WINDHOEK – The Institute for Public Policy Research (IPPR) has advised President Hage Geingob to remove all tainted politicians, including those that have been convicted but given an option to pay a fine, from the Swapo parliamentary list.
As part of the International Day of Anti-Corruption celebrated globally on 9 December, IPPR executive director Graham Hopwood said it was time to enforce zero-tolerance practices towards corruption.
“The Fishrot scandal has acted as a massive wake-up call for Namibian policymakers and society at large.
Namibians should refuse to participate in any activities that are not legal and transparent,” he urged.
The Fishrot scandal implicated former ministers Bernhard Esau and Sacky Shanghala, as well as well-connected business people. The two ministers were forced to resign from their cabinet positions, while the Swapo polituburo also removed them from its list of members for parliament for the next five years, who will officially be sworn in next March.
They are currently in custody following their arrest several weeks ago. IPPR also recommends that Geingob institutes an official inquiry into the allocation of fishing quotas and rights and that it be headed by a judge or senior lawyer.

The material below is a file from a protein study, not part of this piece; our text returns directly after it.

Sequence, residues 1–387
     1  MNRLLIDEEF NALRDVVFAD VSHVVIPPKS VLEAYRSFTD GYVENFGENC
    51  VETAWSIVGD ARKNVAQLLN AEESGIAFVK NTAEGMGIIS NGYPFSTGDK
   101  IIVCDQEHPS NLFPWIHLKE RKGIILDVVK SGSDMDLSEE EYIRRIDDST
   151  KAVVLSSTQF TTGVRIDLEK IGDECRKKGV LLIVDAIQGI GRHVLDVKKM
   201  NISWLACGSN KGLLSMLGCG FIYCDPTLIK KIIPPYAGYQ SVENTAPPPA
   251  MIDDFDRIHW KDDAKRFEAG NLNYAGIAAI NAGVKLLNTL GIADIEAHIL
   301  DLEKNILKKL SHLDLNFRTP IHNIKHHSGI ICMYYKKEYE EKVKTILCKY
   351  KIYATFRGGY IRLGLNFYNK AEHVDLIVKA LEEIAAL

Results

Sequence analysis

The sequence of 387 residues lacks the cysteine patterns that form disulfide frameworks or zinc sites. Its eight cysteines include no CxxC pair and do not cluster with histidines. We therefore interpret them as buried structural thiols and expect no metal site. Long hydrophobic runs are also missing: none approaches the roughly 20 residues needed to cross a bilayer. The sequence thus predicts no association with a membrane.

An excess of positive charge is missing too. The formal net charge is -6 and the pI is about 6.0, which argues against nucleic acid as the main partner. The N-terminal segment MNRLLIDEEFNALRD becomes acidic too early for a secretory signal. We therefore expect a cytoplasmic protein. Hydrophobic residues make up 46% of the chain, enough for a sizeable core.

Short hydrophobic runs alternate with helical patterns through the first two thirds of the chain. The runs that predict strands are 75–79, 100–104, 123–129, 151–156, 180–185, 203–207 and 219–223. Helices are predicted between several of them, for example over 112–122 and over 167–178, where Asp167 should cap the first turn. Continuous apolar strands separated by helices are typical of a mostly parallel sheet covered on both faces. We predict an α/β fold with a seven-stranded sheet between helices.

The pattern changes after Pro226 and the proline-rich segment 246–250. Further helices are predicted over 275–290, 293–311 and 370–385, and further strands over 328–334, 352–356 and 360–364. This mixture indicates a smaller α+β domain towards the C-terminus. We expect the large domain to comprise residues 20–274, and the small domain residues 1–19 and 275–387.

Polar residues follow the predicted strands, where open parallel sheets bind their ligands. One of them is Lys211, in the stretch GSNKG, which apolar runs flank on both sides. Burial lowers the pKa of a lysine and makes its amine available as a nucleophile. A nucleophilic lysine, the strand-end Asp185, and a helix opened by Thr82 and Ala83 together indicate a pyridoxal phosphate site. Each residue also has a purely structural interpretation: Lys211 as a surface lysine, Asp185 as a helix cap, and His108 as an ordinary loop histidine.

The IPPR says these are some of the measures needed to strengthen the fight against corruption.
The head of state has been further advised to make public cabinet ministers’ declarations of interests and assets.
The IPPR furthermore wants the government to implement the Whistleblower Protection Act, which was passed more than two years ago but never operationalised, as well as commit to establishing a public beneficial ownership register for all extractive industries such as mining, oil, gas and fisheries.
The IPPR, in addition, wants Geingob to commit Namibia to joining the Extractive Industries Transparency Initiative (EITI), the global standard for good governance of oil, gas and mineral resources.
It also suggested to the head of state to ensure that a world-class, state-of-the-art Access to Information (ATI) law is introduced in parliament in the near future.
“Publicly declare your assets and interests once more – as you commendably did in 2015. Much more can be done to fight corruption and we all have a role to play but these are eight steps that would demonstrate a commitment in keeping with a ‘zero tolerance’ approach to corruption,” IPPR advised Geingob.